However, these established names are left wheezing to catch up with two Glasgow bands – both more recent products of the city’s thriving grassroots live scene, yet musically distinct – who will embark on consecutive Christmas mini-residencies of three sold out shows at Barrowland. From 13 December, Twin Atlantic will cap a watershed year with a three-night stand in their favourite venue, before handing the baton to Frightened Rabbit who may well be relieved to round off a relatively rollercoaster year intact.
Both acts are prime examples of the hearty, emotional sonic fare which Glasgow is famed for producing, and are already no strangers to the iconic ballroom in the city’s East End. Frightened Rabbit first headlined Barrowland in December 2010; Twin Atlantic hit that same landmark five months later, though still a couple of years before the rest of the country cottoned on to their commercial rock sound.
Until this year, Twin Atlantic had been perennially dogged by comparisons with Biffy Clyro, against whom they were always going to come off second best. With the release of their third full-length album, GLA, they are now sounding like a group with real prospects and somewhat liberated from traditional rock notions of what constitutes progress.
Like Biffy, Twin Atlantic have worked their way up through the ranks with conventional hard graft, beginning their journey in the late 2000s on King Tut’s Recordings, the label run by the legendary Glasgow venue where many bands first get their foot on the monitor. By the time they released the “people-pleasing” 2014 album The Great Divide, they were firmly in Radio 1 territory, as much pop as rock and still exhibiting clear ambitions about their upward trajectory.
The commercial success of their singles Heart and Soul and Brothers and Sisters propelled them to headline slots at the Hydro in May 2015 and the second stage at T in the Park a couple of months later. But where next when you have headlined the biggest venue in your hometown? (Hampden Park, of course, but that’s a whole other ballgame, as it were)
They could have simply returned to the city’s biggest venue but instead they have let heart overrule head and plumped for Barrowland, a venue they have already sold out on five previous occasions, a decision which says something about their relaxed attitude to their new album.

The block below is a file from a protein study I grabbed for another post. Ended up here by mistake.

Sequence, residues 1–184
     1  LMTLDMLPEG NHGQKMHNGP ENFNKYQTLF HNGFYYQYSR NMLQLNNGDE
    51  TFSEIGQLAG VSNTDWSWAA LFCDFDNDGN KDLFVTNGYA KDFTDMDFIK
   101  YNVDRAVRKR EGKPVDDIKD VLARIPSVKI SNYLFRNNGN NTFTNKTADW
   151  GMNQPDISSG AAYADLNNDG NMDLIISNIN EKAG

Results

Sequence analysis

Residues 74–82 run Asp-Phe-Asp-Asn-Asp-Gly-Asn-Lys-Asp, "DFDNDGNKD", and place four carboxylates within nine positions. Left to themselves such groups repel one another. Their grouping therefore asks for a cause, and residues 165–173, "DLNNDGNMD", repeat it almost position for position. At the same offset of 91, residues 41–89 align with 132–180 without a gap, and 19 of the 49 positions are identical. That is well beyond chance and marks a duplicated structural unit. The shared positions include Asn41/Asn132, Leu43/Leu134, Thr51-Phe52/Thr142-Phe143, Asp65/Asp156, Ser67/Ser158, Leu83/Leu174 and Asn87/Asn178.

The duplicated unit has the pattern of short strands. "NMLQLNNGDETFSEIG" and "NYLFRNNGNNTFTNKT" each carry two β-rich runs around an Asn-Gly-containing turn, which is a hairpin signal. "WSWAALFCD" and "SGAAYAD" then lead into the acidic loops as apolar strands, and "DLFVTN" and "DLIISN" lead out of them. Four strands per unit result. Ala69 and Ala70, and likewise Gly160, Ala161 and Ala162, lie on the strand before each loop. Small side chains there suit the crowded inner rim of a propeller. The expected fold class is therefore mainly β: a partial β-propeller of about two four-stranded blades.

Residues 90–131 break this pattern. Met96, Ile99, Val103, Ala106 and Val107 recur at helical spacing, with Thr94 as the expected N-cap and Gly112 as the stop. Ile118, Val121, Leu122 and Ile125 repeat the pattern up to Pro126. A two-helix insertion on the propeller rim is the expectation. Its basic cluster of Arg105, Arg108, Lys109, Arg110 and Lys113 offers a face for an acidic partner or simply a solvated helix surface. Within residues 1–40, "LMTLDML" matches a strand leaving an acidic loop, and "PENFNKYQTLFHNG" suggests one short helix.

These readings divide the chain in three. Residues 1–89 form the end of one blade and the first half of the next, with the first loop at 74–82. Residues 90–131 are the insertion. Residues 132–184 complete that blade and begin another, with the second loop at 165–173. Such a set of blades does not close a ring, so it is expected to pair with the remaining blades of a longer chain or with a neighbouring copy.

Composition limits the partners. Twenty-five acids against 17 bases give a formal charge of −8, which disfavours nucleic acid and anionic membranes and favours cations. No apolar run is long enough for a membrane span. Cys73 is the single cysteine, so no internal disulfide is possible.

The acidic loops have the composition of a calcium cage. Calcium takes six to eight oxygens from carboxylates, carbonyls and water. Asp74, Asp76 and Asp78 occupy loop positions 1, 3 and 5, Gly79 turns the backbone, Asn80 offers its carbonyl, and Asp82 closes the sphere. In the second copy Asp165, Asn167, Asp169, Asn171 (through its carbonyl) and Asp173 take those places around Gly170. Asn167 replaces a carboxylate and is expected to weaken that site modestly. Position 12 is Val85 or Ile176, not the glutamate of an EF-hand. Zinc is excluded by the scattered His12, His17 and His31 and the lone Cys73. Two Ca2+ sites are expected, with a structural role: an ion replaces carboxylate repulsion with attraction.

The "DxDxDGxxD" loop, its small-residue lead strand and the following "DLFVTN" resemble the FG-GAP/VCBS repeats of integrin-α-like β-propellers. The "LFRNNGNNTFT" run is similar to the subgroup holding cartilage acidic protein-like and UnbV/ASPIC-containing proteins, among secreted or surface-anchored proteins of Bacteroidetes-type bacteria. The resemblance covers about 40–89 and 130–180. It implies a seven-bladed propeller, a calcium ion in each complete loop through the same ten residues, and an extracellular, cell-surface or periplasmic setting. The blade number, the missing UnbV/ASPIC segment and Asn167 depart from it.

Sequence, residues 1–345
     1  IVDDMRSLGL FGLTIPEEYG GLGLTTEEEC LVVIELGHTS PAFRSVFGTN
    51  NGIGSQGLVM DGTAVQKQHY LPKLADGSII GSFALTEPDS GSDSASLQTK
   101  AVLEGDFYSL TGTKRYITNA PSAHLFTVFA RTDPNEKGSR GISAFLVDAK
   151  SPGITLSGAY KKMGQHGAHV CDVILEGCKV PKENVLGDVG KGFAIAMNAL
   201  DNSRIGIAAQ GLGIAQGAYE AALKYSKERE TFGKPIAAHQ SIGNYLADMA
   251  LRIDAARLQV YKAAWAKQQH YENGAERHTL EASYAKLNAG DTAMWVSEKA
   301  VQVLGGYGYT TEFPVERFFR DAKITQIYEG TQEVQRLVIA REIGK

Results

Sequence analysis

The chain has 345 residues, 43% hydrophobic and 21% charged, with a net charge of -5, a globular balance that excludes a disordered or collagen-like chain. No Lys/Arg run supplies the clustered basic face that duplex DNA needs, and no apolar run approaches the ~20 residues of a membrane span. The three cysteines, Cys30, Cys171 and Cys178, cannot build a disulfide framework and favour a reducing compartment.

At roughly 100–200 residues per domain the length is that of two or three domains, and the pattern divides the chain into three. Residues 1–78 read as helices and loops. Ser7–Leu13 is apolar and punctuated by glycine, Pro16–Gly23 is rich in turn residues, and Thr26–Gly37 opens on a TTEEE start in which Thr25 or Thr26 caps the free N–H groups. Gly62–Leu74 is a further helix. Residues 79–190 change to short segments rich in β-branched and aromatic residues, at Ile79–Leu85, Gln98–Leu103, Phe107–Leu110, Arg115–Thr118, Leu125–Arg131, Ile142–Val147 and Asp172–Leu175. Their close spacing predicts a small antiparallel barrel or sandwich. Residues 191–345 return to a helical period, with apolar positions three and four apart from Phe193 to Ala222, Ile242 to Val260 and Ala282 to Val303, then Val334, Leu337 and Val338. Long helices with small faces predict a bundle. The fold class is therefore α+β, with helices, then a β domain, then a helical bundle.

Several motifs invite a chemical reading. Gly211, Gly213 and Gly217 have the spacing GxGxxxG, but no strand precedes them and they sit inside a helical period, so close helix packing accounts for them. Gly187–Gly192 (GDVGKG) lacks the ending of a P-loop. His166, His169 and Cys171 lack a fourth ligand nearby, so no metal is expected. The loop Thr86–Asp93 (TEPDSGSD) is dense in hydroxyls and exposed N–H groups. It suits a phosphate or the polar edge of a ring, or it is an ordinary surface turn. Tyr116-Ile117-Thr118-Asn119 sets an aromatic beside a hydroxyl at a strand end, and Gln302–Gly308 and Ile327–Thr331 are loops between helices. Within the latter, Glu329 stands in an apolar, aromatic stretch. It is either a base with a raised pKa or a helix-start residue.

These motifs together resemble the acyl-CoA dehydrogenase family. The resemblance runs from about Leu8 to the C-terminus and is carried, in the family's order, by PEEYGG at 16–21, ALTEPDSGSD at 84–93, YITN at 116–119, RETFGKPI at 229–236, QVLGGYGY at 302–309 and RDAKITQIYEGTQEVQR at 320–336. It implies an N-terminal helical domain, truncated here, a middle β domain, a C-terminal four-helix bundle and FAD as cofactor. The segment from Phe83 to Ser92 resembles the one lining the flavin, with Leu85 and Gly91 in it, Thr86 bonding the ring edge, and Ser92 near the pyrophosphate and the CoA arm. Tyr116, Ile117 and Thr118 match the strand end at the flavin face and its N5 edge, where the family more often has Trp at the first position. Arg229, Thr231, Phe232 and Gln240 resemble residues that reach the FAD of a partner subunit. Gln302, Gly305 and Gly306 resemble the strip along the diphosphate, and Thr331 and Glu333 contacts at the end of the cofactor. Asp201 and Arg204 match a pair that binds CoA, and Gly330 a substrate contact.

GLA was written in Glasgow, named after the city’s airport code and recorded there around Christmas last year, when they could have jetted off to foreign climes, in accordance with the up-and-coming bands manual.
“You leave to escape home but talk about it 90 per cent of the time you are away,” frontman Sam McTrusty has noted. “Then sitting in your house, working on a track, there was a dawning realisation it was all about being where we are from.”
The group have never sounded so unfettered as they do on this healthily diverse rock collection. Ironically it is when they sound least like Biffy Clyro that they most resemble them for confidence and commercial appeal without resorting to bland radio rock fodder.
Like Twin Atlantic, Frightened Rabbit have long been able to count on home support, since first emerging over a decade ago on a gentle wave of folk-flavoured indie bands, including fellow Barrowland stalwarts Twilight Sad and Admiral Fallow.
FRabbit, to use the fan shorthand, started out as a solo project for Scott Hutchison, who freely admitted it was all about him and (usually) his romantic travails, but swiftly added brother Grant and other members to the ranks. While still mainly a vehicle for his songwriting, they are now so established as a band that Hutchison has, in recent years, embarked on a new solo project Owl John.
The group’s fifth album, Painting of a Panic Attack, was released earlier this year and, in contrast to the more celebratory GLA, has sprung from a certain homesickness, following Hutchison’s move to Los Angeles in 2014, while the rest of the band remain based over here. It’s a sentiment celebrated in Scottish pop song from Caledonia to Killermont Street but Hutchison’s concerns are of a darker hue. On the track I Wish I Was Sober he feels for the lack of supportive friends around him to hold him up when he is tired and emotional.
That apprehension came home to roost in the summer when the singer posted some worrying “what’s the point of it all?” tweets urging fans not to buy his records and describing Frightened Rabbit as “me boring people with lies and making creative currency out of other people’s hurt”.
Thanks to this unfortunate confluence of alcohol, depression and social media, Hutchison’s trademark miserabilism became self-indulgence, but it is mercifully tempered with self-awareness – only a few months earlier, Frightened Rabbit had played a couple of secret gigs as The Footshooters. It is also part of what makes them a sympathetic band, and gives their anthemic music an extra layer of emotional resonance. Expect to find the fans at Barrowland simultaneously beating their chest and punching the air like true contrary Scots.
And, in a to-be-continued postcript, the home invasion doesn’t end there. Former FRabbit and Twin Atlantic support act Fatherson come snapping at their heels, marking their biggest hometown show to date with a Barrowland headline on the eve of Christmas Eve. And so this festive rite-of-passage endures.
*Twin Atlantic play Barrowland, Glasgow, 13-15 December, followed by Frightened Rabbit, 16-18 December and Fatherson, 23 December